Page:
Replacement Cost Coverage 

A replacement cost policy will cover the current costs of replacing your home or belongings up to the limit of your policy.

Generally, there's no deduction for depreciation. For example; if a fire destroys your 10-year-old television, replacement coverage will pay the full costs of replacing this item regardless of the original purchase price or current fair market value of a used item. 

Actual Cash Value Coverage

An actual cash value policy will also pay to replace your home or belongings...BUT...there will be a deduction for depreciation.  

This will impact the amount an insurer pays out for your claim.

To use the same example as above; should a fire destroy your 10-year-old television, actual cash value coverage will pay a percentage of the replacement costs because it has been used for 10 years.

This type of claim takes into consideration the value of this item which has depreciated over time below the original purchase price.

EXPERT TIP: You should conduct a personal home inventory. Make a detailed list of everything you own and the current cost it would take to replace these items if they were stolen, lost, or destroyed. 

How Can I Lower My Homeowners Insurance Costs?

There are a number of steps you can take to lower the costs of your homeowner's insurance. One of the essential steps to finding the best premiums is to shop around. Comparing policies from a variety of companies can help you to choose the best coverage at a lower rate. 

EXPERT TIP: Comparing quotes gives you the best opportunity to figure out the current pricing trends in your region and also gives you a feel for the type of service you will be receiving from your potential insurance carrier. Don't be afraid to shop around.

Other Ways To Lower Insurance Premiums

Whether you currently have homeowners insurance or still looking at quotes, there are several surefire ways of getting lower premiums.

Whenever you are purchasing a new policy or renewing an old one, you have the opportunity to figure out if you might be overpaying on your insurance.

Remember, insurers make their money from premiums. If you don't discuss your options, you might never know about the possible discounts you qualify for. These may include:

Total-insurance-cover1. Combining multiple policies - Bundling multiple policies with the same insurer can also help you to lower costs. If you combine your homeowners, auto, and other policies, you could save as much as 5-15% on premiums.

2. Raising your deductibles - If your budget can tolerate a higher deductible, you may be able to save as much as 25% on premiums. However, if you intend on increasing your deductibles, be sure that you can actually afford the 

3. Reducing your risk of theft - Adding deadbolts on all exterior doors alongside anti-theft devices such as burglar alarms, barred windows, motion detector lights, as well as paid home monitoring services may have a higher up-front. However, you can save as much as 20% or more on your homeowner's insurance premiums annually.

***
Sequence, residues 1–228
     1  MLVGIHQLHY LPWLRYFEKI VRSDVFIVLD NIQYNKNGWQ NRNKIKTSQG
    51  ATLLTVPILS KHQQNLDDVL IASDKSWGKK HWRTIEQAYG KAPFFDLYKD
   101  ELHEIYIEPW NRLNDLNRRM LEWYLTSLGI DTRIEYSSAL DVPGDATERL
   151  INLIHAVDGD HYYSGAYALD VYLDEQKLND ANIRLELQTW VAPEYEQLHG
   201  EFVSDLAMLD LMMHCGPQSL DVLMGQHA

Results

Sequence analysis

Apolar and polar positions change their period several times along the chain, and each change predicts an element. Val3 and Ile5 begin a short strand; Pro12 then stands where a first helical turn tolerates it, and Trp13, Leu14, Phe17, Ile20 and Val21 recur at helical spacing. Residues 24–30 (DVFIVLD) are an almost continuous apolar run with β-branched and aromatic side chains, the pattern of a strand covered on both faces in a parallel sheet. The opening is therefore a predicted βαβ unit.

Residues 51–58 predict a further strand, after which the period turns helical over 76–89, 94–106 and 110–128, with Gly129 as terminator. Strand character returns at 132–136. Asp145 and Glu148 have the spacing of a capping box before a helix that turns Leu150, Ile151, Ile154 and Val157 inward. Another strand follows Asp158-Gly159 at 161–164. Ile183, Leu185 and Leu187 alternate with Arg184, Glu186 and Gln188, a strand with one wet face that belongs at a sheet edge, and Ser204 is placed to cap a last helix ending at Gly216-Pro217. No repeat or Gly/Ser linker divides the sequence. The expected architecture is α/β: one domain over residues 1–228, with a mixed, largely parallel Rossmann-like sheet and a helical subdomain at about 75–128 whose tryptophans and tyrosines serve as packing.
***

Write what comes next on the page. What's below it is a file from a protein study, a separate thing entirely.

4. Reduce the risk of disasters - Fire alarms, smoke detectors, carbon monoxide detectors can all lower your premiums. Other measures that could serve to lower your premiums include adding storm shutters, reinforcing the roof with stronger materials, or even reinforcing an older home to make it more earthquake resistant. 

5. Maintaining a good credit record - Insurance carriers make use of credit information to calculate premiums. In general, people with poor credit pay at least twice as much as people with excellent credit.

Common Homeowners Insurance Mistakes To Avoid

Your home is one of the largest investment you'll make in your lifetime. Taking the extra steps to protect this investment is an absolute a no-brainer. Equally, taking time to read the fine print of your policy beforehand could potentially take some stress out of a high-tension situation when damage, injury, or disaster occurs. 

Don't Be Underinsured

flooded-home One of the biggest mistakes a homeowner can make is to be underinsured. If you are underinsured, you could be facing financial disaster.

Any Exclusions?

Most standard homeowners insurance policies come with several exclusions, such as damage or loss due to neglect, intentional loss, certain "high risk" dog breeds, power failures, flooding, or even extreme situations such as landslides and more... 

Flood Coverage

No matter what part of the country you live in, flood coverage should be considered. For those who live in a coastal region ( near a lake or river, or within the floodplain ) this policy is certainly worth its weight in gold. 

Mold Insurance

If you live in an especially humid region or have an older home, you should consider asking about additional mold insurance and sewage backup protection too. This certainly could prove to be a worthwhile expense considering the cost of mold removal and remediation.

Another common mistake many homeowners make is to purchase a policy with a coverage based on the amount owed on the mortgage, or even the current value of your home. Unfortunately, these amounts are often far less than what you would actually need to rebuild your home. 

You should never assume that any type of coverage is included in your standard homeowners insurance policy. Be sure to clarify with your insurance carrier what is covered and what is not so that you can have peace of mind.